I met people, I chatted to people. I did 12 interviews in one day, all with my mobile phone and uploaded it. Then when I got back to the station the next day put a lot of them on air and thought, 'Wow, I've actually done something that I never thought that I could do'.
I've been able to work the desk. The technology doesn't frighten me now. It's taken me since November last year, mind you.
The people [at the festival] accepted me for who I was. They accepted the fact that we were all different. There was no judgement. It was just so nice. The most amazing privilege. It was a privilege to be able to understand that I could do these things again after what has happened.
The following day they asked if I would go to an education day for children and I thought, 'Oh, children!'. 350 of them. It was an awareness day to introduce children to rural studies and rural things in general. Where milk comes from, that sort of thing.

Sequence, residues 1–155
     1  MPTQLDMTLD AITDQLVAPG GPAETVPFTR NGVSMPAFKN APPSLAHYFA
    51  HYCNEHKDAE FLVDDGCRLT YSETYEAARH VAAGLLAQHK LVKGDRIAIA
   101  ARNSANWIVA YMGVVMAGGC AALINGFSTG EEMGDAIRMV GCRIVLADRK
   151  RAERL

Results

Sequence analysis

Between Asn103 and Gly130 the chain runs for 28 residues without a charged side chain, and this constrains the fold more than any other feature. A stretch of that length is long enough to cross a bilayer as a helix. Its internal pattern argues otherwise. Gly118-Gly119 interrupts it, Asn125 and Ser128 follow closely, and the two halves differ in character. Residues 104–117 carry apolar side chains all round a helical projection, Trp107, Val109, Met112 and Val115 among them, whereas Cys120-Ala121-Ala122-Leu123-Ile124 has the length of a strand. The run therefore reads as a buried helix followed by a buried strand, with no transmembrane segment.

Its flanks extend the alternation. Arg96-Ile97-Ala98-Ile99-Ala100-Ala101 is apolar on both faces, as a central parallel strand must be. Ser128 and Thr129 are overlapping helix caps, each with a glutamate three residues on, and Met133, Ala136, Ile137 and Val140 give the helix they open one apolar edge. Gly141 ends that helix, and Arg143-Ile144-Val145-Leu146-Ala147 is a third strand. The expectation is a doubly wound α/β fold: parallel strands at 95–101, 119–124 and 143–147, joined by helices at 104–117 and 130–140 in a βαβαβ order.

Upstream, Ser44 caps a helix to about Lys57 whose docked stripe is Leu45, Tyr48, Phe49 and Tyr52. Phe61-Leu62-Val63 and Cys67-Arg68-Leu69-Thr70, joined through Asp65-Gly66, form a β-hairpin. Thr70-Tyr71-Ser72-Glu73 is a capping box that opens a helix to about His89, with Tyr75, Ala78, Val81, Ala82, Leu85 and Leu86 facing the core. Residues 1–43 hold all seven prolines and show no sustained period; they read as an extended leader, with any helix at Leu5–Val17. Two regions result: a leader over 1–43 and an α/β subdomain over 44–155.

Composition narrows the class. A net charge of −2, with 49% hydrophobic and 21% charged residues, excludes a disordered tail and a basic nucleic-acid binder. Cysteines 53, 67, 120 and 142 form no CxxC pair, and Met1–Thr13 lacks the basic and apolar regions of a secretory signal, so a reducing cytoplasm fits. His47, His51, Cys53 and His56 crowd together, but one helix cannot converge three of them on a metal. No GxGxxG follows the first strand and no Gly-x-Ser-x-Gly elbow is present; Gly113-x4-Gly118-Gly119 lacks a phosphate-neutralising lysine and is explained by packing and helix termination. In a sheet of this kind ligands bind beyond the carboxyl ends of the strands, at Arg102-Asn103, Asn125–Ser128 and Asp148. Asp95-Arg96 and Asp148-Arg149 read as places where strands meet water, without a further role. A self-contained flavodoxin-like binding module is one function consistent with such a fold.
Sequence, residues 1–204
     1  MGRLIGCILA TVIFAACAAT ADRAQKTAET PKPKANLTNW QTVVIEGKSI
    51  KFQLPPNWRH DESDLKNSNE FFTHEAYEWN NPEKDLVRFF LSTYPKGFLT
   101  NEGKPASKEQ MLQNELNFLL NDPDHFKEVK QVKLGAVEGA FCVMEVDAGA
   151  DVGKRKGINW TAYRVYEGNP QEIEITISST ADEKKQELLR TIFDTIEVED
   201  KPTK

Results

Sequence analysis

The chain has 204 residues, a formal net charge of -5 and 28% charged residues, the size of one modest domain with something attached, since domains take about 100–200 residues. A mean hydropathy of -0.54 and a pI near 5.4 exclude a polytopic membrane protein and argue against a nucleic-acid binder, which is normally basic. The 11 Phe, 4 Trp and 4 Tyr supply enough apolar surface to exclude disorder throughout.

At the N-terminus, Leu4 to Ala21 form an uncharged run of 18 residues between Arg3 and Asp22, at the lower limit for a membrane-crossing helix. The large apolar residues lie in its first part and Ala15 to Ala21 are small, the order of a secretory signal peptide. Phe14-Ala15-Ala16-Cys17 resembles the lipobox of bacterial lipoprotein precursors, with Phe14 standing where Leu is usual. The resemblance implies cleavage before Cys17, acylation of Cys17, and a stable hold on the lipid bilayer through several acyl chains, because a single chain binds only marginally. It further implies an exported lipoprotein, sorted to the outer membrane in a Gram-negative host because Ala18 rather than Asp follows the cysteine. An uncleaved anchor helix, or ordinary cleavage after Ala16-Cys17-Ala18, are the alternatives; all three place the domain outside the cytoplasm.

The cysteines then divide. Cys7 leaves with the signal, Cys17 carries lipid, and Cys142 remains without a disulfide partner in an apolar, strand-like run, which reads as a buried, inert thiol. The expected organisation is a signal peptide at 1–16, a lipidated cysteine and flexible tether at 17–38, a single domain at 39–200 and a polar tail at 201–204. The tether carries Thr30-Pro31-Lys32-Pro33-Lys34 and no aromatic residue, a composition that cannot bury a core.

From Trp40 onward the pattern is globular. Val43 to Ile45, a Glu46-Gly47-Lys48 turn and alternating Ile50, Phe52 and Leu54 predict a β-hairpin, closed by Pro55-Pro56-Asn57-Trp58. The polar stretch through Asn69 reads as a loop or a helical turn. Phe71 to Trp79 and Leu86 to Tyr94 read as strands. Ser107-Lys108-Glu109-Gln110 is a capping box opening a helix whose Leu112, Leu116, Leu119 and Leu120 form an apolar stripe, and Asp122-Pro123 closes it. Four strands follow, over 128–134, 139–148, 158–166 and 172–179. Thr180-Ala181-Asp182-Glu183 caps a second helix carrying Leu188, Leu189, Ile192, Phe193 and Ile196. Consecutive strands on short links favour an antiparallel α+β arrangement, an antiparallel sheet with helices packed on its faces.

That again, because it was surrounded by children it was non-judgemental, it was happy, they were incredibly well behaved. I got a ride in the back of a trailer. I did tonnes of interviews again, many of which went on air that afternoon.
I felt particularly chaotic in myself when I got back and my friend I was doing the show with was rather chaotic that week too, so we had rather a chaotic show, but it was fun. Nobody died. Everybody was happy and we didn't make any huge mistakes or get told off.
That has given me a purpose, but I wouldn't tell the radio station, I actually prefer doing the outdoor broadcast. I think it fits with how I am and the need to be free and not constrained. I think that being alive now is my second chance at life. Not only is it my second chance at life but it is my time to do something and to make a difference.
Our radio show is about enabling people to do the best they can with what they have got and to help others. Help others to help yourself. That's the way we have done it, and in that way we are using it as an enabler, not just for us, but for others who think 'I'd like to do something, but I can't. I'm constrained. I've got pieces missing of my body, or I don't have all my neurons in the right place'. The radio station I work for on the island is a very small one. It is a community radio station that went FM last year. They are so enabling to so many people in so many ways. They acknowledge diversity, and that everyone is different and has different needs. They run a course for people who ordinarily might not get on the radio or have those opportunities, or people that have learning disabilities or neurodiversity for example.